- Numerous western universities have outposts in Middle East Gulf states
- UAE and Qatar have an eye on transitioning to a knowledge-based economy
- Some worry education provided by colleges will be curtailed by restrictions on freedom of speech
Next year's college applicants have some difficult choices to make. Is it better to go to state school or private? Stay close to home or ship out to Abu Dhabi?
Western students receiving their education in the UAE is not as far-fetched as it might sound as some of the world's most respected collegiate brands have set up outposts in the Gulf region.
Dubai hosts 52 universities while Qatar has set up Education City, a sector that houses a number of U.S. colleges including Carnegie Mellon, Cornell, Georgetown, and Northwestern.
Next year, the first students admitted to New York University (NYU) Abu Dhabi will graduate; a benchmark almost as significant as the scheduled completion of the university's new Saadiyat Island campus.
"There are lots of exciting signs that the region is heating up and getting more dynamic in terms of higher education," says Phil Baty, the editor-at-large of Times Higher Education.
"There's recognition (in the Gulf) that they need to prepare for the post-oil world, and they realize that a knowledge-based economy ensures growth in the future."
Several local universities have stepped up their game, too, building state-of-the-art research facilities to attract students from abroad.
Even Saudi Arabia is getting in on the act. This year witnessed the completion of Princess Nora bint Abdulrahman University (PNU) in Riyadh -- a 2,000 acre site and the largest all-female university in the world.
In several instances, investment in education in the region has paid off. One of the most prominent collegiate success stories is NYU Abu Dhabi, which started accepting students to its UAE hub four years ago.
Despite initial fears from critics that the new campus could potentially water down both the brand and the quality of its degree, the Abu Dhabi facility is one of the most selective schools in the world, admitting 150 out of 9,000 applicants per class.
Prospective students often have to decide between NYU Abu Dhabi and top tier universities like Oxford and Yale. In recent years, the school has been dubbed "the world's honors college".
NYU president John Sexton -- the brainchild behind the project -- has lofty goals.
"Our mandate is to create in NYU Abu Dhabi a school that educates the leaders of global civil society, from every sector of the world, and in every sector of society," he says.
Though the Emirates outpost has, according to Sexton, "done a great deal to help NYU elevate its game," other universities in the area have met with more mixed results.
A cheating scandal at the Dubai campus of Edinburgh's Heriot-Watts University earlier this year underscored the concerns that universities with operations overseas are not able to maintain their standards.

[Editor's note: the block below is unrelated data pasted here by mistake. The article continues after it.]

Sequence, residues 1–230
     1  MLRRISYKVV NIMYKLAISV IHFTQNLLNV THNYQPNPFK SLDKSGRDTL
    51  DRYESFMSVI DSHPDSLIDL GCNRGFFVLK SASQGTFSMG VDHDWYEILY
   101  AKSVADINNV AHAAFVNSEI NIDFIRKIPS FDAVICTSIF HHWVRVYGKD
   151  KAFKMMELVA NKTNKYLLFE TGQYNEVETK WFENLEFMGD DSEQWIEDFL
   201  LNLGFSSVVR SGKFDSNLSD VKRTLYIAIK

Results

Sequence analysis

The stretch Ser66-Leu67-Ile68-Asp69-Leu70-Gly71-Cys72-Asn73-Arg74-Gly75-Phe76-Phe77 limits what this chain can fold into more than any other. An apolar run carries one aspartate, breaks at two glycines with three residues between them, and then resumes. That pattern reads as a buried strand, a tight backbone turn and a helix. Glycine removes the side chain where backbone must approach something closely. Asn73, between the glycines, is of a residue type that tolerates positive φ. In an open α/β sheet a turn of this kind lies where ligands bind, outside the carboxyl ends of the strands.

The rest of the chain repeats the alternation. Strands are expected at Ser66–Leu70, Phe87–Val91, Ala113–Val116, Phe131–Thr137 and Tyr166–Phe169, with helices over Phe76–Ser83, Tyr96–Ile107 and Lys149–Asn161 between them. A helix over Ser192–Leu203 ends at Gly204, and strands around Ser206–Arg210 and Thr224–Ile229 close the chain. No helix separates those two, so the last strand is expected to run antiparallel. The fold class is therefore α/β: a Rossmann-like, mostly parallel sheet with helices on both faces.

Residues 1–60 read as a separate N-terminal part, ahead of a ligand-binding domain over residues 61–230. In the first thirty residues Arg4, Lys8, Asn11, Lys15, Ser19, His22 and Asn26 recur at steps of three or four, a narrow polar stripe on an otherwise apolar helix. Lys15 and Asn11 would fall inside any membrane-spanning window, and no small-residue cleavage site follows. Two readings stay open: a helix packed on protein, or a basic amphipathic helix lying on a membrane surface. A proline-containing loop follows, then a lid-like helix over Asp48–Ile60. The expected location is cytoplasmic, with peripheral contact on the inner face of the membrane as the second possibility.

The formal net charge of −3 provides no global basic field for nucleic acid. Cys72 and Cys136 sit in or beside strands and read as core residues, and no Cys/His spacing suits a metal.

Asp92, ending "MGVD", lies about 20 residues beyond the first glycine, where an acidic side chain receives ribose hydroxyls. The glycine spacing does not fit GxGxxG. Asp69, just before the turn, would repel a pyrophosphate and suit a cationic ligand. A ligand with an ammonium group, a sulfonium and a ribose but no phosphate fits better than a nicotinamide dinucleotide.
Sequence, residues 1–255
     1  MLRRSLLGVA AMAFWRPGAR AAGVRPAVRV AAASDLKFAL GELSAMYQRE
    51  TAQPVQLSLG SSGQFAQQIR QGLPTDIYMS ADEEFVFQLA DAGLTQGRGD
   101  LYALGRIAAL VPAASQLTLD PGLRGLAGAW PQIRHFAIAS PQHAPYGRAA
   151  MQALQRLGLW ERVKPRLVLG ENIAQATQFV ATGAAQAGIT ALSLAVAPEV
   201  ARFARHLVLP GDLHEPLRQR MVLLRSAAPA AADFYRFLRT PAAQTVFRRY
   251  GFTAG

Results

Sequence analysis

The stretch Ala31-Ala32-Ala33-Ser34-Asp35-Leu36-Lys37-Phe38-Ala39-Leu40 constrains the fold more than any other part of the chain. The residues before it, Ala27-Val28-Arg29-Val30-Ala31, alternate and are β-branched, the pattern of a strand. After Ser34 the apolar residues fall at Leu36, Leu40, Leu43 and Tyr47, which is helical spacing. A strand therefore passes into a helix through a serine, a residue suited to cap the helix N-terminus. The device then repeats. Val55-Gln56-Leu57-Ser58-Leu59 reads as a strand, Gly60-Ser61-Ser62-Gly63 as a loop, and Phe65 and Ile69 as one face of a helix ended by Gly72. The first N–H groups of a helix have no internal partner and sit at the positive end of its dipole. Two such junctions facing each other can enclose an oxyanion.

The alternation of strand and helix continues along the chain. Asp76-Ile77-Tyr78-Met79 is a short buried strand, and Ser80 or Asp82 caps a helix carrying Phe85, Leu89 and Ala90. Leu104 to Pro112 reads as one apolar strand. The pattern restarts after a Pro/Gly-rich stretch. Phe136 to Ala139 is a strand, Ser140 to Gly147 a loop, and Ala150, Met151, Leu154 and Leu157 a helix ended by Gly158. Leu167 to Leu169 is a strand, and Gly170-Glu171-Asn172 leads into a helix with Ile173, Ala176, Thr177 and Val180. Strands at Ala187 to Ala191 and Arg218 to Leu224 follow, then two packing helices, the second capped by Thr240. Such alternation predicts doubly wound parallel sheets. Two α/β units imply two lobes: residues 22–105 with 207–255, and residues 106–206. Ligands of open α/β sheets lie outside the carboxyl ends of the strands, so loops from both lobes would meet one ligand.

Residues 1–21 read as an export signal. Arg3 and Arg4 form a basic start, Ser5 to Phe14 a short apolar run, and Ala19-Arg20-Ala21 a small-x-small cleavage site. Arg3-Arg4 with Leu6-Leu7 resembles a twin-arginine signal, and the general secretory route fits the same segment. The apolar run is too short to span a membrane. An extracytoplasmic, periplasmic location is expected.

Other institutions, such as the University of Waterloo in Dubai, had to close because of a lack of enrollment, while Michigan State University curtailed it undergraduate program and now only offers six Masters degrees.
"There have been some examples of market failure, of universities embarrassing themselves and getting it wrong, rather than planting their flag abroad," says Baty.
"The issue is, how much are they invested? Are they just about pushing the global brand abroad, or are they genuinely on the ground, creating an infrastructure that will last?"
Even with the success stories, the moral implications of doing business in states with limited freedom of speech and mixed human rights records has left some critics feeling uncomfortable.
Earlier this year, LSE pulled out of a conference in the UAE (and subsequently witnessed one of its scholars barred entry) after the authorities restricted the inclusion of sensitive topics. Back in Manhattan, some of NYU's faculty members have also expressed concern about the UAE's stance towards gays (illegal) and Israelis (unrecognized).
Sexton, however, is unperturbed.
"My experience of the Emirates is that it's a very open society. Now, it's not Greenwich Village but as you move through the world you have to adapt to local customs. My daughter doesn't dress the same way in Istanbul as she does in New York; when I'm in the UK, I'm not as free to criticize public officials as I am in the U.S. You just have to be aware of rules and regulations," he says.
Leah Reynolds, a senior at NYU Abu Dhabi, agrees with Sexton. Her experience, she notes, is about getting exposure to a wide cross section of cultures, not about imposing her own.
"In my classes, every country we refer to has a case study right there; chances are, someone in the classroom that will have had that experience, no matter what it is," she says.